Canadian Jewish Political Affairs Committee
Tories eyeing traditionally Liberal ridings; Concerted effort to woo Jewish voters.

Tories eyeing traditionally Liberal ridings; Concerted effort to woo Jewish voters. Conservatives’ ’tilt toward Israel’ is appreciated by community, but ‘the Liberal brand remains strong’

The Gazette (Montreal)
Fri 12 Sep 2008
Page: A13
Section: News
Byline: IRWIN BLOCK

Jewish voters, especially those in the Montreal area, have traditionally voted overwhelmingly for Liberal candidates.

However, Stephen Harper’s Conservatives are making a concerted effort to change this pattern, part of a drive to replace the Liberals as the majority voice in multicultural ridings.

Though it was planned before the election call, Public Security Minister Stockwell Day was in town this week for the launch of developer David Azrieli’s book, Rekindling the Torch: The Story of Canadian Zionism, and a who’s who of the Jewish community was there.

Day was effusive in his praise for Azrieli’s book, as well as for Zionism and Israel, and the crowd loved it.

"I’m here because I profoundly believe it is the right thing to do, to support Israel," he told about 300 at the Gelber Centre in Snowdon Tuesday night.

Day could not resist praising Harper for his tough position on Hamas when, in December 2006, he became "the first world leader to say we will never negotiate with any political entity whose goal is the destruction of Israel."

This earned his biggest applause, and based on conversations before and after the speech it is evident community members appreciate the tilt toward Israel under Harper.

This shift, notes McGill University Middle East scholar Rex Brynen, began under the Paul Martin Liberals, when Canada began to change its voting on long-standing UN resolutions.

Says McGill political scientist Harold Waller: "Harper’s four-square stance behind Israel during the 2006 war with Hezbollah was probably the clearest manifestation of that support."

Frank Dimant, executive director of B’nai Brith Canada in Toronto, praised the Conservatives for boycotting the forthcoming UN anti-racism conference known as Durban II.

"Canada was the first to say it will not participate in what is going to be another hate fest against the Jews and against the Jewish state," Dimant said.

Day’s department has also approved more than $1 million to beef up security at community synagogues, mosques and community centres. Of 38 recipients, all but six are to Jewish institutions, including six in Montreal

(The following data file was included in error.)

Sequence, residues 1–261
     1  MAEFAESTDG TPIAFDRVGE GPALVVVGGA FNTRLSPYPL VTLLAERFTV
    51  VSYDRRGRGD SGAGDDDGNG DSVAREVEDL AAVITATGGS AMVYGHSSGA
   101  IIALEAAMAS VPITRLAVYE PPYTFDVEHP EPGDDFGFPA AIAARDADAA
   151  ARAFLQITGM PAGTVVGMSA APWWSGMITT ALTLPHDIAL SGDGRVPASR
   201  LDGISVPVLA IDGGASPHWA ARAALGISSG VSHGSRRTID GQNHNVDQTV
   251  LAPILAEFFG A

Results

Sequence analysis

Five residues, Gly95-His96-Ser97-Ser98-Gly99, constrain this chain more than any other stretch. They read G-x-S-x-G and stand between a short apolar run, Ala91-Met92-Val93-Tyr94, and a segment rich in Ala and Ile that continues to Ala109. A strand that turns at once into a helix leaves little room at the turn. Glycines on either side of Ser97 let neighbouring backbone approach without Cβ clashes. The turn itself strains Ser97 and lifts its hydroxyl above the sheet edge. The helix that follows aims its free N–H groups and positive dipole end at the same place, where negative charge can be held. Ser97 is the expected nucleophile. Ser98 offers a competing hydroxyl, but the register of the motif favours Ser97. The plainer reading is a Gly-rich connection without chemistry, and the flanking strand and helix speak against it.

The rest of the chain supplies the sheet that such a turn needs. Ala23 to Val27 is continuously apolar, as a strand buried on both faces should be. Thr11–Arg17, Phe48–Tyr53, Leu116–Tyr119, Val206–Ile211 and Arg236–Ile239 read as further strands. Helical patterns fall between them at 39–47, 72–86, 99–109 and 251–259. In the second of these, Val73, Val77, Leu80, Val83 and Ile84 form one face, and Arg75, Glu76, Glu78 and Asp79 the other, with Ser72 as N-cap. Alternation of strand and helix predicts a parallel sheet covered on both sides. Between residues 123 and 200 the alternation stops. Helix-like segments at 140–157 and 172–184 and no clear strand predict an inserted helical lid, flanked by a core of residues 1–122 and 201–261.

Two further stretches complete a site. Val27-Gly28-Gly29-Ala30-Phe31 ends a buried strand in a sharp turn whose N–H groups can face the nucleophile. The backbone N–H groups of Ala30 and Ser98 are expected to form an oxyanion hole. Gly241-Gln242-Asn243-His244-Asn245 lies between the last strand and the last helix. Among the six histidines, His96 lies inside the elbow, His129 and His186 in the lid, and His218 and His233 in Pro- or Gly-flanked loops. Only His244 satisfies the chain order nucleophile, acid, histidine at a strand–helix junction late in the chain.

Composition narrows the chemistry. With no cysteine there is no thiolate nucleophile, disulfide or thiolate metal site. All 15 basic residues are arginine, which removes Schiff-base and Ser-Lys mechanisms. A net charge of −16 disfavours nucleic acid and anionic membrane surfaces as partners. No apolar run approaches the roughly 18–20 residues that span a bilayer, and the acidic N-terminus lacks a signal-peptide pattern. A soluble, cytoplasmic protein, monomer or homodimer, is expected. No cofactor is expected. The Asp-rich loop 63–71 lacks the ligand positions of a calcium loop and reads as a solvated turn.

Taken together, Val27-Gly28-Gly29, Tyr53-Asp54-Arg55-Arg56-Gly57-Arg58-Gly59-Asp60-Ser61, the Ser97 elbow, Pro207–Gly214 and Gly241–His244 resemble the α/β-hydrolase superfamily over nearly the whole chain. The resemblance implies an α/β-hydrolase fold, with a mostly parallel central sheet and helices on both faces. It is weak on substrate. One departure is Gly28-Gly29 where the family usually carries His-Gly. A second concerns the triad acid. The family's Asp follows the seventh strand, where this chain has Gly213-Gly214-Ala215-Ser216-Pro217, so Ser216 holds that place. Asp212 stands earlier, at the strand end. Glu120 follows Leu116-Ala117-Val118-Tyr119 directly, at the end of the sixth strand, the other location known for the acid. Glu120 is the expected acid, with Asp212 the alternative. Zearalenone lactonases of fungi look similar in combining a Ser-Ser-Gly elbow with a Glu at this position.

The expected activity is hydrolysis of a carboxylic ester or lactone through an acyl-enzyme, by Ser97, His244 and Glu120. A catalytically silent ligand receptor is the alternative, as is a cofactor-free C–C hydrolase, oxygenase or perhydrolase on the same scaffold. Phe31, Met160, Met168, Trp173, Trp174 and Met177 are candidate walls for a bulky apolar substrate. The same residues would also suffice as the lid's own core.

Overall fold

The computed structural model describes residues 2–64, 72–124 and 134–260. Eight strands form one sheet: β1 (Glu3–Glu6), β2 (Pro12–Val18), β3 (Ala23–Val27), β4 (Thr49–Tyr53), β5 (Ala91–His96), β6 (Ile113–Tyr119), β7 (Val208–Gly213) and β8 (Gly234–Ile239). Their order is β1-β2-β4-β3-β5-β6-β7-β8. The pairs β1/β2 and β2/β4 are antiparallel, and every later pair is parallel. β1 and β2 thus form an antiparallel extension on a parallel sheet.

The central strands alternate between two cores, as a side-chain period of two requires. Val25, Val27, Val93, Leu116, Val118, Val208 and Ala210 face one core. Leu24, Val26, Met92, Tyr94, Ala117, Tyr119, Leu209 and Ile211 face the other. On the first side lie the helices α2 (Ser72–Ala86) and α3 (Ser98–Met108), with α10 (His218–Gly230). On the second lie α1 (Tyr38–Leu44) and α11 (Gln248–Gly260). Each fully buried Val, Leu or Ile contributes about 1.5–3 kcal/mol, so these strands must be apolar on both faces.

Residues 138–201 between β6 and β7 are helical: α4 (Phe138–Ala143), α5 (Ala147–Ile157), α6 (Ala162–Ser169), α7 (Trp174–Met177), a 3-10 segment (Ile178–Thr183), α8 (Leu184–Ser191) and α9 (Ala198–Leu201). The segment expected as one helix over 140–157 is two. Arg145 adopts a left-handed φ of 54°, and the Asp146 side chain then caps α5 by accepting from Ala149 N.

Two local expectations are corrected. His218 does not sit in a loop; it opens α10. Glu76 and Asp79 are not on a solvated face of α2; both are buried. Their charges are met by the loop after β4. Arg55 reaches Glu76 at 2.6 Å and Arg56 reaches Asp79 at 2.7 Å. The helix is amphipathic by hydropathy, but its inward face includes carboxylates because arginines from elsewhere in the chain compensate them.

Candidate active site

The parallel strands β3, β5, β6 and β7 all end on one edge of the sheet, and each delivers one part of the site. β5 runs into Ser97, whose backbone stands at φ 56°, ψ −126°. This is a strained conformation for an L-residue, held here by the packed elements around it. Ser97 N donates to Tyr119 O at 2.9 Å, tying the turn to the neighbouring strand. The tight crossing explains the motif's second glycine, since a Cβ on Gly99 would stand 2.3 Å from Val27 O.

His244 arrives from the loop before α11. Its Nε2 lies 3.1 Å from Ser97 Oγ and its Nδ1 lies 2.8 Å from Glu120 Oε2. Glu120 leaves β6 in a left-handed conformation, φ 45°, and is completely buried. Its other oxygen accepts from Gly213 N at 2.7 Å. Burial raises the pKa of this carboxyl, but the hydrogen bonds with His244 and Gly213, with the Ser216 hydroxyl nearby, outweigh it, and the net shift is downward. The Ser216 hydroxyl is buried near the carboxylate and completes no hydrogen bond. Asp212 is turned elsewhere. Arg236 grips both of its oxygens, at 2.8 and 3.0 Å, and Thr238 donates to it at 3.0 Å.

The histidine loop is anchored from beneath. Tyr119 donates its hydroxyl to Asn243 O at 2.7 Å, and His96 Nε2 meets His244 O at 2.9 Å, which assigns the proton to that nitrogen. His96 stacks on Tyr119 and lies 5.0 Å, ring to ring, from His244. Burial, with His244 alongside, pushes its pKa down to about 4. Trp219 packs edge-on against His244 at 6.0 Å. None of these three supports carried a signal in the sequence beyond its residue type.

All this may translate into more votes for Tory candidates, but Waller and other seasoned observers say they do not expect such a massive shift in traditional support for the Liberals in the eight ridings with substantial Jewish voters for any of them to lose.

One main reason, says Rabbi Reuben Poupko of Beth Israel Beth Aaron Congregation in Côte St. Luc, is the presence of Irwin Cotler, the incumbent in Mount Royal, former Liberal justice minister, and a lifelong human rights advocate and Zionist.

"It is difficult for anyone to argue that anyone is more supportive of Israel than Irwin Cotler," Poupko said.

But at the book launch, I met a garment manufacturer who described himself as "a first-time Tory."

"I still like the Liberal candidate (Cotler), but I want to vote Conservative because for the first time someone stood up for Israel," he said earnestly.

As for Cotler’s Conservative opponent – Rafael Tzoubari, a Yemenite Jew born in Israel, an engineer and real-estate developer – this man said, "he doesn’t have a chance."

Carolyn Steinman, a former Progressive Conservative candidate in Mount Royal, believes in the Tories, but said of Cotler: "Irwin is a sweetheart, he’s great."

Cotler, one of the guest speakers at the event, agreed in an interview that Harper "has been steadfast in his support for Israel." He said his own record on the Middle East "stands for itself" and added he was elected to represent a multitude of values and aspirations, from the environment to poverty.

"It’s not a zero-sum game. I have been very strongly in favour of representing Palestinian or Arab rights when they are aggrieved," Cotler said.

He mentioned his advocacy for Omar Khadr, facing terrorism charges in Guantanamo; Maher Arar, detained and tortured in Syria; and support for "the legitimate claims of the Palestinians."

Cotler also said Liberals and Conservatives agree on basic points – a two-state solution for the Israeli-Palestinian conflict, with secure and recognized boundaries for Israel.

The Canadian Jewish Congress has identified Montreal-area ridings with significant Jewish voters as Lac-Saint-Louis, Laval-Les Îles, Notre Dame de Grace-Lachine, Pierrefonds-Dollard, Saint-Laurent-Cartierville, Westmount-Ville Marie and Outremont.

Many will be watching to see whether New Democrat Thomas Mulcair can hold on to the seat he won in a September 2007 by-election, when he defeated Liberal candidate Jocelyn Coulon.

The NDP "simply had a better candidate," observed Alex Werzberger, president of the Coalition of Outremont Hasidic Organizations, which counts for almost 2,000 votes.

The Jewish community "was not very excited" about Coulon because of controversial articles he had written about Israel. "Though the Orthodox community is not as Zionist-minded as other Jews, when someone poops on the community nobody likes it."

As for Liberal candidate and actor-director Sébastien Dhavernas – "nobody knows him. It will take a while to find out what he is about," Werzberger said. (The Conservatives are running Lutzim Laloshi, an Albanian-born software engineer.)

Mulcair is "a known quantity," and "the Liberal brand remains strong in Jewish and Orthodox communities."

"This time around I think the candidates are going to have to fight for their votes."